From William Short
Paris Sep. 29. 1791
My late private letters to you have been of July 7. (bis) and 17.—I received two days ago yours of July 28. inclosing a bill of exchange for £131.5 stlg. which shall be placed to your credit in the hands of V. Staphorst & Hubbard as has been already the balance remaining here in your favor.—I will send you by the way of Havre in a few days the continuation of our private account. In it you will see the amount of the Champagne wine and I will inform you also of the value in specie here of your bill of exchange.—My public account will go at the same time and I shall be much obliged to you to alter it or modify it in any manner you may judge proper.—I will see if any thing can be done with Barrois but I doubt it. The letters inclosed in yours have been forwarded to their several addresses, except that to Paine.—That to Gouv. Morris was delivered with my own hand.—A Person in whose skill I have confidence is to chuse the vanilla and it shall be forwarded to you immediately by the way of Havre.—I was happy to hear of my brother through you. American like he never lets me hear from him himself. Still I hope you will be civil and kind to him for my sake if he should come to Philadelphia as I love him most tenderly knowing his real worth and merit. If R.H.L. should resign I should desire my conditional congé still more. My last private letters will have explained to you my ideas on this subject. Notwithstanding I then said so much of myself still I should repeat it here, if the hour of the post did not absolutely preclude me.—A letter from America informs me that the delay in the appointment of the minister here is supposed to proceed from your endeavouring to prevail on Madison to accept it and his hesitating and taking time to consider. As the person who writes me is a great friend of yours as well as mine I should have supposed what he said well founded if your letter did not prevent it.—If Madison doubts I should wish him to remain in America even if I were not interested because I am sure he may be more useful there and that he will find the ground here different from what he may expect.—It is supposed here that Mr. Ammond carries out in his pocket the commission of Minister Plenipotentiary and of course that one will be appointed for London. Genl. Schuyler it is thought will stand foremost for this place as I am told by an American here.
I received two days ago a letter from the Sec. of the treasury of Aug. 1. It gave me infinite pleasure on account of the satisfaction which it expresses relative to my conduct and he tells me that ‘all are satisfied with my prudence and judgment.’ I feel that I stood in need of approbation, because in a business of that kind which has so many sorts of delicacy attending it, silence would have been painful. It is the kind of business which of all others it is the most disagreeable to meddle with and particularly when one acts alone. It is this consideration which would have made me excuse myself from it if it had been possible, and which made me, having undertaken it, act with additional rigour with the agents at Amsterdam.—That has brought on a difference of opinion betwixt us on a point which they propose referring to the Sec. of the treasury, and which I shall accept readily as it will place the decision where I desired it. I have kept him regularly informed of this circumstance and am sure he will be satisfied with it. I am much pleased with the favorable manner in which he has several times expressed himself of my conduct and hope he will have no reason to change. I am exceedingly sorry for the circumstances mentioned in the cyphered part of your private letter. I hope that experience will correct opinions which would otherwise be really dangerous. Adieu my dear Sir & believe me unalterably your affectionate friend & servant,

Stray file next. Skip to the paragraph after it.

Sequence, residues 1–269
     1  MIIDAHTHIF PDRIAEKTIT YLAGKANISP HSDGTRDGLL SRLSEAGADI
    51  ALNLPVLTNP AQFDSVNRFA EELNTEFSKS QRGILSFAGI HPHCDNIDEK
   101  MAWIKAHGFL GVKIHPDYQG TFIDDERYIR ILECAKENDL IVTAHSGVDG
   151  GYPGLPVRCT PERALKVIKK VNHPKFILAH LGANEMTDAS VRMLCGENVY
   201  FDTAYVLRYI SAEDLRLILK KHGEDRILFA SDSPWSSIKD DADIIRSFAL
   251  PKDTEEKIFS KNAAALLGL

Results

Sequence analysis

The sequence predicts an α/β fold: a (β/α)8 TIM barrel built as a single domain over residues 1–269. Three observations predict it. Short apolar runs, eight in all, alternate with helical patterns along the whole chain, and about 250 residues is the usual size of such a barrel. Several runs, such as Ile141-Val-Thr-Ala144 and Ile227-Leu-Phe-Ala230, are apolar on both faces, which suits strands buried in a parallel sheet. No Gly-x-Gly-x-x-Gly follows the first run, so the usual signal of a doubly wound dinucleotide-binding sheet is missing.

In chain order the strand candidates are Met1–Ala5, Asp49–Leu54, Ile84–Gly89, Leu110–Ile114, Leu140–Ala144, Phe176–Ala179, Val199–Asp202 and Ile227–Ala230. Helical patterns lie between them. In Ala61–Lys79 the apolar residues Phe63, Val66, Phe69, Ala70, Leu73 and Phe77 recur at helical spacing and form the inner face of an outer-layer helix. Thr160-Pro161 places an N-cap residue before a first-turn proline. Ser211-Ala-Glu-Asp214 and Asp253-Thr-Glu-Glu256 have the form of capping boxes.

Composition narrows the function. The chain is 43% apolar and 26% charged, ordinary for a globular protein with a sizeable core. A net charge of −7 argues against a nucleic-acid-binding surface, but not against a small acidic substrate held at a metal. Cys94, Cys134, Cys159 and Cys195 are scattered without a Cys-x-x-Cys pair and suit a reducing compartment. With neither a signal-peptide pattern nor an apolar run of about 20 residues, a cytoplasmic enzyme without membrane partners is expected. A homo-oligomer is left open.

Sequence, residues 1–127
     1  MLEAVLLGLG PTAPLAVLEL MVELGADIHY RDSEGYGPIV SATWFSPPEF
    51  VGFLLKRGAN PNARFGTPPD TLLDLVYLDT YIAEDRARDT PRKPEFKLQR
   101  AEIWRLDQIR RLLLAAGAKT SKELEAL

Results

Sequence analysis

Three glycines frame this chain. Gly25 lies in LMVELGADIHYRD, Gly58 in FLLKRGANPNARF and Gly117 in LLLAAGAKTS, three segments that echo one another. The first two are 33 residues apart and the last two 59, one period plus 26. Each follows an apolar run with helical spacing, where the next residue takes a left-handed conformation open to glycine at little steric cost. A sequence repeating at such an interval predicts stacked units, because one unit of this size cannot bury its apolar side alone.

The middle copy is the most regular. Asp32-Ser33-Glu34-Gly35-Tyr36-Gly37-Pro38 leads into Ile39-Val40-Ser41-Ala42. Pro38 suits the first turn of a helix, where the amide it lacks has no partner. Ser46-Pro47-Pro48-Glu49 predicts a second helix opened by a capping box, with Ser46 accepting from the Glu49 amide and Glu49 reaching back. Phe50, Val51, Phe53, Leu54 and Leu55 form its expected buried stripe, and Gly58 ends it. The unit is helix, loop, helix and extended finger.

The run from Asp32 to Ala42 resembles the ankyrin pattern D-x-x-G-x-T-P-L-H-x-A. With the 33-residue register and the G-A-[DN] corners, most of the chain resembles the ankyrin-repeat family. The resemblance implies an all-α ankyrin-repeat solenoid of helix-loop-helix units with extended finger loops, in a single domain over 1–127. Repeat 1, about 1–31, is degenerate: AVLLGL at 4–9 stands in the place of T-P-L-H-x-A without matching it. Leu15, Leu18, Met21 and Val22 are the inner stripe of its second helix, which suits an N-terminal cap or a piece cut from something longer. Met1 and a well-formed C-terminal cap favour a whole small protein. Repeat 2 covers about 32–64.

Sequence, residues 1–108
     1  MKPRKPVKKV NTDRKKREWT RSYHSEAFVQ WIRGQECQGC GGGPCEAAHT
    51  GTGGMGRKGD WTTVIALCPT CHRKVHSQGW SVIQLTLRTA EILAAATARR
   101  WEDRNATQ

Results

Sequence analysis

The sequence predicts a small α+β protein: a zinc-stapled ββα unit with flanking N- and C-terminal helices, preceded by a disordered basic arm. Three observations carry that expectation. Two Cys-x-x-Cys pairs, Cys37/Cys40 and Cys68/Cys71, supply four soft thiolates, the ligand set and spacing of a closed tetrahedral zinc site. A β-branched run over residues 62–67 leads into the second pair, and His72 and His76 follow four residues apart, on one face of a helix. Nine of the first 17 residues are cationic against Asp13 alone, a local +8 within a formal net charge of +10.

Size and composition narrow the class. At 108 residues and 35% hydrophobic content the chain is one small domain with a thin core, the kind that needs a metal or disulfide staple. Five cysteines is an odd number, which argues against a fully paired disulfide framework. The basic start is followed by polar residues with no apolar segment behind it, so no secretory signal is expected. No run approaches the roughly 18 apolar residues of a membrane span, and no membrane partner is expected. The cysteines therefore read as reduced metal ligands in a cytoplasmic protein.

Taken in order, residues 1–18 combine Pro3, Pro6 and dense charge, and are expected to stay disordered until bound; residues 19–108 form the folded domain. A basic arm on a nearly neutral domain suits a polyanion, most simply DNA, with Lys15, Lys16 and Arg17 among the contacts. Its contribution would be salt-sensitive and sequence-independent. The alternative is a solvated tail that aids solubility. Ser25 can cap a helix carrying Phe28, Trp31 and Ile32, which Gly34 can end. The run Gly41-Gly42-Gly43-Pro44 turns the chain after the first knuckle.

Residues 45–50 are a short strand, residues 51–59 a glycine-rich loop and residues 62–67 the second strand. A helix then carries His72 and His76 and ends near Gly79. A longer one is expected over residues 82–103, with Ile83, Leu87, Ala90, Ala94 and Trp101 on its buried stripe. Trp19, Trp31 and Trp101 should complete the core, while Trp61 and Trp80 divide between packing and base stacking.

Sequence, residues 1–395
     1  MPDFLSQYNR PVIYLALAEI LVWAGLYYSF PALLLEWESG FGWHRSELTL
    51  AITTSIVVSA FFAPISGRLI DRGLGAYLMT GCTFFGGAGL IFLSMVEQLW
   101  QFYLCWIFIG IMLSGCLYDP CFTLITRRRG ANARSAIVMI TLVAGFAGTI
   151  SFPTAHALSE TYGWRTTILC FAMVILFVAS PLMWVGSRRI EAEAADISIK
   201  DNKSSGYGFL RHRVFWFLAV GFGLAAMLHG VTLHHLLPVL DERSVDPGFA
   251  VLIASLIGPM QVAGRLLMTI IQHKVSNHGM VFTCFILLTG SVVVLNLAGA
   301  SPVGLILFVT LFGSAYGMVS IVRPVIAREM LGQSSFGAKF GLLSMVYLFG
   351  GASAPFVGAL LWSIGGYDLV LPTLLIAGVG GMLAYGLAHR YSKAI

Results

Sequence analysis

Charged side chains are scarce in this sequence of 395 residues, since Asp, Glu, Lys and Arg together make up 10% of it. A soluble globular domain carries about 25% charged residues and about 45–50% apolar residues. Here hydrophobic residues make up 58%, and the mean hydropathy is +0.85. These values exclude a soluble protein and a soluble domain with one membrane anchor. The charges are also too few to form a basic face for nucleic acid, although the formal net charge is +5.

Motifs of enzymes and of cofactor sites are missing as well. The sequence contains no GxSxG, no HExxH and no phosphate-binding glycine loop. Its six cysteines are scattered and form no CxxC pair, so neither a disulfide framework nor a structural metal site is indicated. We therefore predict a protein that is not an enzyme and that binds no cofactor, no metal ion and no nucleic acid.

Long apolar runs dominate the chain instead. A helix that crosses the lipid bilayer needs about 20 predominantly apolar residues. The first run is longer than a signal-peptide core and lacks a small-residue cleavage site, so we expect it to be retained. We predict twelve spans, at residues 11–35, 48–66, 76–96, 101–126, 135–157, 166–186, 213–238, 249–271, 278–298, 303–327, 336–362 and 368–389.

I shall wait with much anxiety to learn what is done with respect to the appointment here and would be very glad to know if it were possible the causes of the unexpected delay in this appointment the two last sessions. I cannot help in spite of myself auguring sometimes favorably from it for myself. I see so few and (indeed no one) to whom the ground here would not be entirely new that I cannot find out the causes of preference, especially when I consider the usages of other countries even where difference in rank and birth has such weight.—I should be much obliged to you to send me the Journals of congress as well as the acts of each session. I have never received any part of the journals of the senate.—If I am to stay here the winter I should be glad also to have a suit of the best American cloth which I could wear here to court.
RC (DLC); at head of text: “Private”; endorsed by TJ as received 27 Dec. 1791 and so recorded in SJL. PrC (PHi).
TJ’s inclosed letters to Gouverneur Morris and Thomas Paine were dated 26 July 1791 and 29 July 1791, the latter printed as Document xi in Editorial Note and group of documents on Rights of Man, at 26 Apr. 1791.
r.h.l: Richard Henry Lee reportedly was about to resign from the U.S. Senate because of ill health. Short had expressed interest in becoming Lee’s successor, but long before he actually left the Senate in October 1792, Short was appointed minister to The Hague and joint commissioner with William Carmichael to negotiate a treaty with Spain.
The difference of opinion between Short and Willink, Van Staphorst, and Hubbard hinged on the question of whether the firm was entitled to a commission of 4% or 4½% on a 6,000,000 guilder loan it had recently negotiated for the United States. Short favored the lower figure, but Hamilton subsequently decided that the higher commission was proper (Mitchell, Hamilton description begins Broadus Mitchell, Alexander Hamilton, New York, 1957–1962, 2 vols. description ends , ii, 128–33).